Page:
The key to cooking a perfect steak

The key to cooking a perfect steak

person cooking steak in pan with herbs

According to expert restauranter Oscar Akgul, from The Cut and Craft, we’ve been cooking our steaks wrong!

Now, here at Unthank Farm, we take this problem *very* seriously. Our sirloin steaks are our pride and joy; tasty, succulent and reared from our herd of Dexter cows that forage in wild meadows to bring you the very best flavour of 100% grass-fed meat.

So, in this blog, we’ve put together a list of some of the ways you may be cooking your steak wrong, and how you can improve to create your very best steak ever!

The top 8 most common steak cooking mistakes: 

  • Not bringing steak to room temperature: Cooking a steak straight from the refrigerator can lead to uneven cooking. Instead, you should allow it to come to room temperature for around 30-60 minutes before cooking. For example, whilst you’re cutting up your vegetables or preparing the table, your steak could be out on the sides coming to room temperature.

  • Not seasoning adequately: Seasoning is SO important for flavour. Many people either under-season or don’t season their steak at all! We like to coat our steaks in salt and pepper when seasoning, as well as adding other seasonings like thyme, rosemary, and garlic powder, too.

  • Using the wrong cooking method: Different cuts of steak require different cooking methods. For example, a thicker cut like ribeye benefits from searing and finishing in the oven, while a thinner cut like skirt steak is best cooked quickly over high heat.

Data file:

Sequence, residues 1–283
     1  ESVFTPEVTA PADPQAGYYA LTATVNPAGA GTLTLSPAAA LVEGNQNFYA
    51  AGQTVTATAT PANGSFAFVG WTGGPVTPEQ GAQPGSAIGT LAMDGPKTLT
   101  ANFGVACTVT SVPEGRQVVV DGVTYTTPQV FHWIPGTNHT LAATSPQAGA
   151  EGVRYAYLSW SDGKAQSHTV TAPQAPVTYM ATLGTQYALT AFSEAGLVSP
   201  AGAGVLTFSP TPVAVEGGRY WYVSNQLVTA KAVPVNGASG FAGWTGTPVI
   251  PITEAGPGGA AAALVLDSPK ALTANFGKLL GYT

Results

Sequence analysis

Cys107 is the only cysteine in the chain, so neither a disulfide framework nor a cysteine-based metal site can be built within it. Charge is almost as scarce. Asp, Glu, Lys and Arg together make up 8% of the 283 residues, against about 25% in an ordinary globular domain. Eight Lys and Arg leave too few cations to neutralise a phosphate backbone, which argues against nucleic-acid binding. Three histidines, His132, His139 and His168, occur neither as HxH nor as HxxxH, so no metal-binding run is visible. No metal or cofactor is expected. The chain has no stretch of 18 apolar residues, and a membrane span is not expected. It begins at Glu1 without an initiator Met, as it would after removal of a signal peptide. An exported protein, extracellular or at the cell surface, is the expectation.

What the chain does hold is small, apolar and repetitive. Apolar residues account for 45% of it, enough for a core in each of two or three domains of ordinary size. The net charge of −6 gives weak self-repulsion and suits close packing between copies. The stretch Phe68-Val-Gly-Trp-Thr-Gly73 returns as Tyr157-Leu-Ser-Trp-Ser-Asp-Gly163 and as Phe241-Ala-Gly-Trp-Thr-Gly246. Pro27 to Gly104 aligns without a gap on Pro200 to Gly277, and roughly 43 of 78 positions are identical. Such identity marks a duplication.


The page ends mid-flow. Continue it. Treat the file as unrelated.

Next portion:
• Not preheating the pan or grill: A hot cooking surface is essential for getting a good sear on the steak. If you forget to preheat the pan or grill it can result in steaming the meat rather than searing it.

  • Flipping the steak too often: Let the steak sear properly on one side before flipping it. Constant flipping stops proper browning and can lead to a less flavourful crust. For our sirloin steaks, we usually go for 4 minutes on one side at a medium heat, then 3-4 minutes on the other.

  • Overcooking or undercooking: Finding the perfect level of doneness can be tricky, especially for beginners. Using a meat thermometer or the touch test can help determine when the steak is cooked to your preference.

  • Not allowing the steak to rest: Cutting into the steak immediately after cooking allows the juices to escape, leading to a drier steak. Instead, leave it to rest for a few minutes so the juices are redistributed, making the steak much more juicy and packed full of flavour.

  • Cutting against the grain: Slicing the steak with the grain rather than against it can give it a chewier texture. Always slice steak against the grain to break up the muscle fibres and make it more tender.

Check out our sirloin steaks here!